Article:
Some students do not consider prior learning assessment programs because they do not realize they have acquired college-level knowledge, skills, or abilities for which they could earn credit. They forget life is a learning experience. While learning can occur in any setting, the workplace is a good place to start discovering what you really know.
Workplace learning may result from formal training programs or on-the-job training. Determining what you learned from formal training is easy. There was likely a brochure or announcement describing the class and its focus. Learning on the job is not quite so easy to isolate.
In order to determine the knowledge, skills, and abilities you have attained, start with your position description or perhaps the entries on your resume. These will not necessarily indicate what you have learned, but they will identify what you have done or are currently doing on the job. Then, dissect the job and determine what you have really learned. While colleges will not award credit for experience, they may award credit for learning via experience.
Take a look at some examples starting with a typical, very basic position description for an administrative assistant. What would a person need to know (knowledge) or be able to do (skills and abilities) in order to perform these tasks?
Performs administrative and office support activities for multiple supervisors. Duties may include fielding telephone calls, word processing, creating spreadsheets and presentations, filing, and faxing. Extensive software skills are required, as well as Internet research abilities and strong communication skills.
Knowledge, skills, or abilities required
|Fielding telephone calls, receiving and directing visitors, receiving and directing visitors||language skills, (possibly bilingual depending on the nature and geographic location of the business) interpersonal skills, communication skills, an understanding of the organization|
|Word processing, creating spreadsheets and presentations||most organizations use the Microsoft suite so we can assume this person would need to be proficient with the advanced tools in MS Word, Excel, and PowerPoint|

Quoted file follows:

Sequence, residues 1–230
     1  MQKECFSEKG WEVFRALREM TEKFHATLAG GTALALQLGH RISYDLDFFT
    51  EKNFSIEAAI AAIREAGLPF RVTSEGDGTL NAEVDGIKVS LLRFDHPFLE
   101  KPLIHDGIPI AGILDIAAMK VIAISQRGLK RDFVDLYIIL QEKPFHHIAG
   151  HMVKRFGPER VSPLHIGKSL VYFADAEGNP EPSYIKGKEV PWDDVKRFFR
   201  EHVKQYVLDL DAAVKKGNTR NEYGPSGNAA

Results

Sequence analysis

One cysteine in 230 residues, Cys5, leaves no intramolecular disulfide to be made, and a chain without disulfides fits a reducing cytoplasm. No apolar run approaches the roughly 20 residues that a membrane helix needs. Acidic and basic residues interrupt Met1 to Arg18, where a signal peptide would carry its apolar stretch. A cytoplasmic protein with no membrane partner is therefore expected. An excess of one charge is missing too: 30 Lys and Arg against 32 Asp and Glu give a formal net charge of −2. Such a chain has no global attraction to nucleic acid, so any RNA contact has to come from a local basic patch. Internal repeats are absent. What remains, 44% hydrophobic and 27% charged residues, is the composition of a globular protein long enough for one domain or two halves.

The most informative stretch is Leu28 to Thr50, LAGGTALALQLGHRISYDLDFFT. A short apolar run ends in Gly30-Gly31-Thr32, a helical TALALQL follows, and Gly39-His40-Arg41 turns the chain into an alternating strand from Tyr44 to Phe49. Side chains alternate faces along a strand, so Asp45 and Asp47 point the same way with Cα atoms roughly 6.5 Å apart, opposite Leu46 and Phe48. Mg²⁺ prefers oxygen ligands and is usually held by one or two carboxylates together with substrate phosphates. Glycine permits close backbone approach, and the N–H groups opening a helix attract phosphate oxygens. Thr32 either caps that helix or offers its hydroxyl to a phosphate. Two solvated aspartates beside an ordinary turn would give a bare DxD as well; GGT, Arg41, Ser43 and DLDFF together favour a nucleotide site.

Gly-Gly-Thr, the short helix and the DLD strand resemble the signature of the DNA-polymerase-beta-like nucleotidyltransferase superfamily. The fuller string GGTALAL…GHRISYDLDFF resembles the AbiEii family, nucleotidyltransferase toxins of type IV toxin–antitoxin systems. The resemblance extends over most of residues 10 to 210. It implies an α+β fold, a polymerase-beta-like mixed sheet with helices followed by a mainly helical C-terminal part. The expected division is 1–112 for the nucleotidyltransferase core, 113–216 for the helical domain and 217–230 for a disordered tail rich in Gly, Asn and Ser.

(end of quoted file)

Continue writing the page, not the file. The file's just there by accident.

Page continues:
|Internet research abilities||problem solving and critical thinking skills, ability to determine validity and reliability of web resources, information literacy skills|
Based on the analysis above, this student might consider seeking prior learning credit for communications courses and computer applications courses. Depending on the type of organization and other duties required, further analysis might reveal other opportunities.
The following is a generic resume entry for a retail sales associate position.
- Greeted customers and determined their needs and wants
- Discussed type, quality and number of merchandise required for purchase
- Recommended merchandise based on individual requirements
- Advised customers on utilization and care of merchandise
- Provided advice to clients regarding particular products or services
- Explained the use and advantage of merchandise to customers
- Answered customers’ queries and concerns
- Demonstrated merchandise
- Quoted prices and discounts as well as credit terms, trade-in allowances, warranties and delivery dates
- Prepared sales contracts and accepted payments through cash, check and credit card
- Assisted in display of merchandise
- Maintained sales records for inventory control
This student would have likely learned about customer relations and best practices in selling and merchandising. S/he would have mastered basic math skills and gained knowledge of inventory control and risk management in the retail environment. Depending on the merchandise mix, s/he may have gained other industry specific knowledge. For example, someone selling computers would need to know about computer hardware, someone working in a health food store might have learned a great deal about nutrition.
While not all positions involve developing college-level knowledge, skills, and abilities, students should not discount the possibility of participating in a prior learning assessment program without first reflecting on their lives in terms of what they have learned. Once students have considered the knowledge gained in the workplace, they should move on to contemplate other aspects of their lives, such as community or church involvement and volunteer work. Prior learning assessment programs can help students achieve their goals much faster and save them a great deal of money.
For more information about the prior learning assessment program at APUS, please visit http://www.apu.apus.edu/admissions/general-information/pla.htm or http://www.amu.apus.edu/admissions/general-information/pla.htm
By Tedi Thompson-Magrini
Associate VP/Prior Learning Assessment at American Public University System